By Terrie Leigh Relf Reprinted from the OB Rag
Sustainability 101: Put the Public Back in Public Transportation – Part 1
With this first introductory segment on public transportation, I wanted to raise just a few points. The next segment will feature a few anecdotes I’ve been collecting. I hope that you, dear reader, will also chime in so I can include your experiences as well.
For those of you who know me, I don’t drive, and have never had a license. I am therefore dependent upon my feet, public transportation, and the goodness of others to get where I need to go. Since I live in OB, I can walk most places, but when I leave this walker’s paradise, I mostly rely on the bus and trolley.
Other riders have their reasons for using public transportation, such as the following:
- Limited parking where they work or attend school
- The cost of parking garages and lots
- To avoid ever getting a parking ticket
- The possibility of yet another parking ticket
- Taking public transportation is easier as they don’t need to go very far
- They don’t own a car
- Their car is in the shop
- Their car was stolen
- Their roommates or family members have the car that day
- They’re frugal and want to save on gas
- It’s their contribution to a green environment
- No money in the school budget for field trip transportation
- They’re engaged in a comparative analysis between driving their own vehicle and public transportation
- They take the bus or trolley part of the way, then ride their bike the rest of the way
- They’re in a wheelchair and it’s less expensive to take the bus and trolley rather than the dial-a-ride
- They’re training working dogs
And the list goes on. In other words, there is no one type of rider.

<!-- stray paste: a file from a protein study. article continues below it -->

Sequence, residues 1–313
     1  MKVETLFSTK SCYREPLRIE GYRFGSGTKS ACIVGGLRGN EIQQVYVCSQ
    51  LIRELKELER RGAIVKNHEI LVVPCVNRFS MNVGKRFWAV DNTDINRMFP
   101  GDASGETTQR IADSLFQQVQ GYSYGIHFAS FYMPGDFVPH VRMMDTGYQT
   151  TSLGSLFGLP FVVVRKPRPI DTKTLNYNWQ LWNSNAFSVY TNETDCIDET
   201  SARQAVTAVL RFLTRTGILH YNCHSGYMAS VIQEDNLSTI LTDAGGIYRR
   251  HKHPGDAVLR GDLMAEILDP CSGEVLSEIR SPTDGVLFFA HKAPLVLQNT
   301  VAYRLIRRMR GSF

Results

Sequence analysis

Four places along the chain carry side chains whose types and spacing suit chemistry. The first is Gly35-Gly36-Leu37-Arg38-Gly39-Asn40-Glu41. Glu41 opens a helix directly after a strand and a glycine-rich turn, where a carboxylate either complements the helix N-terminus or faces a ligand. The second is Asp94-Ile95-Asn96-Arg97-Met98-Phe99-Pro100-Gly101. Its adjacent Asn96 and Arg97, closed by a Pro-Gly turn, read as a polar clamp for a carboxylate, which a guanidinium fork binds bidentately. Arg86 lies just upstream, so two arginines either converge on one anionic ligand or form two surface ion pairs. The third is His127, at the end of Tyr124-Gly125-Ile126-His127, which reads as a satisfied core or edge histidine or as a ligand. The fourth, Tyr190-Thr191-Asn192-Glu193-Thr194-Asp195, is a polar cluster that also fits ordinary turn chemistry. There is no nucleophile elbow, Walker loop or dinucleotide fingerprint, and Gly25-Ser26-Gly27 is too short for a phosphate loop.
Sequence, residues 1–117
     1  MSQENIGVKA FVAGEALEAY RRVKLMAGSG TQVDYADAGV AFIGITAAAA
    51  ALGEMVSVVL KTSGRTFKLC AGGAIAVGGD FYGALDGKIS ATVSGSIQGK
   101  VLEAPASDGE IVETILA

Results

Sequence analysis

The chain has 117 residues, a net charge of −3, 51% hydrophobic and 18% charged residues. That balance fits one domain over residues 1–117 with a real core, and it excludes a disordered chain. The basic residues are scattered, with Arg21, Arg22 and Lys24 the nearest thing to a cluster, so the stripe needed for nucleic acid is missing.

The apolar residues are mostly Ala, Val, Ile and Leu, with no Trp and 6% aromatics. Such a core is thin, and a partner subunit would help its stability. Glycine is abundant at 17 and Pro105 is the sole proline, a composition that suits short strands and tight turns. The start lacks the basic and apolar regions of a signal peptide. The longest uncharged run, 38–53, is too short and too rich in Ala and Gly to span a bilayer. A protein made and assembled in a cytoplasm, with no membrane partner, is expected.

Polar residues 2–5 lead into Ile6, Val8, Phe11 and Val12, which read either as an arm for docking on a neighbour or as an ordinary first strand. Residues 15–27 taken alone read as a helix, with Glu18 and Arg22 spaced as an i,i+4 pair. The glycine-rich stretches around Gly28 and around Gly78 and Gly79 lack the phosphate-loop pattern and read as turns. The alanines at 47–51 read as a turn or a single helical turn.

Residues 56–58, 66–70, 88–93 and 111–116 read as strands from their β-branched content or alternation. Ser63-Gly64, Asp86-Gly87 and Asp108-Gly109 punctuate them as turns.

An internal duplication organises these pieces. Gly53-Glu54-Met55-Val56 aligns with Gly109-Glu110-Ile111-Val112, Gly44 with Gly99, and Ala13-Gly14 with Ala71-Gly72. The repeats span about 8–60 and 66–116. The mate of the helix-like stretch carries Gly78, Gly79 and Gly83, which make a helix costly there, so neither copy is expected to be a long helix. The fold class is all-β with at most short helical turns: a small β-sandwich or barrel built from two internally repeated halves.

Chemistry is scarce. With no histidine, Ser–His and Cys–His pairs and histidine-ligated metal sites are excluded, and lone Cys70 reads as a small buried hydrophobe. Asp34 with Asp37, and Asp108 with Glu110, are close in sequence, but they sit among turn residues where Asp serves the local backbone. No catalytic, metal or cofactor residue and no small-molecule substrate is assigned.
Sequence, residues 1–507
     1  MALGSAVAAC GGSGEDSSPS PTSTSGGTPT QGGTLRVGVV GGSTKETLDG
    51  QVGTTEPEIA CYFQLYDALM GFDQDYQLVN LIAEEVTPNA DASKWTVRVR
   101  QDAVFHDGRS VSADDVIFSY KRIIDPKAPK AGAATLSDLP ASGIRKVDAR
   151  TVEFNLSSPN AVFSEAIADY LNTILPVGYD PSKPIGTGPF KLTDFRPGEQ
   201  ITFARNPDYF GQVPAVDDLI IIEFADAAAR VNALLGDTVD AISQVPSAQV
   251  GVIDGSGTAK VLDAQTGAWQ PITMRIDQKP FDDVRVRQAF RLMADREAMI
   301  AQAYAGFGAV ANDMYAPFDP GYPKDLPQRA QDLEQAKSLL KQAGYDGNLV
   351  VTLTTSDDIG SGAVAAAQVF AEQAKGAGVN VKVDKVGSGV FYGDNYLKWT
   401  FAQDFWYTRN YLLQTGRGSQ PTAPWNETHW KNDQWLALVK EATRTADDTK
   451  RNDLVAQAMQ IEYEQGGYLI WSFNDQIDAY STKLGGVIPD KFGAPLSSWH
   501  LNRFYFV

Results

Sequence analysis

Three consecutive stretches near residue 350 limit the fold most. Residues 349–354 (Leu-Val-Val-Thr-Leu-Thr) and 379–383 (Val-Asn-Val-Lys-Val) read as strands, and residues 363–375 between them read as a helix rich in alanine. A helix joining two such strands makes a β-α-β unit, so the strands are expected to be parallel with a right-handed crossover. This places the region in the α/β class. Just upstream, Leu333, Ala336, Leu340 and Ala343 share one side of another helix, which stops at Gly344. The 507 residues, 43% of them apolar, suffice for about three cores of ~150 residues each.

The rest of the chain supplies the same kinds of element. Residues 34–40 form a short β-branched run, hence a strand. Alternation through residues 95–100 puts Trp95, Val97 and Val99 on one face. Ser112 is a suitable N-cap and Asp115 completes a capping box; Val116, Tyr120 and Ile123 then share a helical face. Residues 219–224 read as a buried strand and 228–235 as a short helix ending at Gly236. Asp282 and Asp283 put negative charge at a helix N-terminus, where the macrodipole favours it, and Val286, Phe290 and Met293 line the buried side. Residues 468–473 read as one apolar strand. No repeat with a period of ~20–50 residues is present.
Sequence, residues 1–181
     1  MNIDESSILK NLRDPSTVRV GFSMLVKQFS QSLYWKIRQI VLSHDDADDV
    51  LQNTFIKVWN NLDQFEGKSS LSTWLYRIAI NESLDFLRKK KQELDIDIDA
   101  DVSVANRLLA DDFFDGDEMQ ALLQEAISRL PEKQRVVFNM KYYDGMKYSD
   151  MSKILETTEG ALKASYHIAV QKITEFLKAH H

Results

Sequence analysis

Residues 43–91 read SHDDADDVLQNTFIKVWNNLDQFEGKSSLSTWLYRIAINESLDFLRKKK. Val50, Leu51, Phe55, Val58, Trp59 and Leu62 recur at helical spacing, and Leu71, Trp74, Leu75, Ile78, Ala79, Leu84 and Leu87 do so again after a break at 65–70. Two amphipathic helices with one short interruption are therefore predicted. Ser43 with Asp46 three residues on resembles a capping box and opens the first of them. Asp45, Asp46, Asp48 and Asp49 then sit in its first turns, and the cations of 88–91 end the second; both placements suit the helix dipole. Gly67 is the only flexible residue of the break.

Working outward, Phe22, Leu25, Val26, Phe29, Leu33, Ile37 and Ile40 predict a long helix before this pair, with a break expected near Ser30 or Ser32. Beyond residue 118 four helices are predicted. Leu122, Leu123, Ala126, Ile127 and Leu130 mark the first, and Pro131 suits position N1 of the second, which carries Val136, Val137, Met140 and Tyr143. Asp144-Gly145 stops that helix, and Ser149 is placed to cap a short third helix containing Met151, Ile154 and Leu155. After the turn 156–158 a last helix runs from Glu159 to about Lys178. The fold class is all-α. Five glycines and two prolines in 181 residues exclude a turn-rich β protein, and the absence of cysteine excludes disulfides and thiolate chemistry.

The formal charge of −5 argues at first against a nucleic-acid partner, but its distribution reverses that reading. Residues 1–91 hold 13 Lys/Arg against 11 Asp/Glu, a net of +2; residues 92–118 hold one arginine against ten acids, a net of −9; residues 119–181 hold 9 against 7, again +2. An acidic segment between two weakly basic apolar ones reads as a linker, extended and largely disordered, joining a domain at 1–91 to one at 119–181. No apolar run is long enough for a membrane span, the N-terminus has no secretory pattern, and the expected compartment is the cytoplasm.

You’ll see people in suits with briefcases reading The Wall Street Journal sitting next to students hooked-up to their iPods, texting madly. You’ll see travelers with backpacks bursting at the seams along with tourists on their way to the airport, rolling luggage in tow. You’ll see mothers with their babies strapped to them along with fathers taking their kindergarteners to school. You’ll see people who have just been released from the hospital, the telltale bands on their wrists, along with others who may have had a few too many and are riding the bus rather than driving.
And you’ll hear them talking . . . talking . . . talking . . . a veritable United Nations of languages and dialects along with local slang and regional speak. You’ll also hear their phone conversations (whether you want to or not), listen to them scold their two year olds, coo to babies, groan about a detour, ask for directions, talk to themselves or to whomever else comprises the captive audience, gather for a before-school gab session and so forth.
And sometimes, there’s an exquisite silence. . .
Once upon a time (or at least this is how I remember it), all you needed was a quarter to ride the bus. Then, it was around 35 cents, then 50 cents, then 75 cents . . . on up to the current price of a one-way (no transfer options) of $2.25 followed by the current $5.00 for a day pass. By November 1, however, you need to have a bus card, or else you’ll be paying $7.00 for a day pass. That’s a $2.00 penalty.
Remember transfer slips? You could go all over San Diego and then back home again. While bus fare is nothing compared to owning and maintaining a car, it’s still getting expensive — and complicated, don’t you think?
Before I launch into a few thoughts (and yes, complaints) regarding our public transportation system, I wanted to say that it does appear MTS is attempting to streamline their services, to create more efficient connection times, and to maintain their safe driving record. I do applaud that.
However, for those of you who know me, you also know that I am constantly whining (sorry about that) about how long it takes to get from Point A to Point B. I work in Barrio Logan, and in order not to be late, I leave two hours before I need to be there. There have been some days when it’s taken 2.5+ hours to get there (or home) due to bus breakdowns, trolley breakdowns, construction detours, shoppers with rolling carts, travelers with backpacks and luggage, mothers with children in tow and strollers, people in wheelchairs (sometimes lining up and there’s only room for a few), private and public school students on field trips, individuals with their working dogs and on and on and on.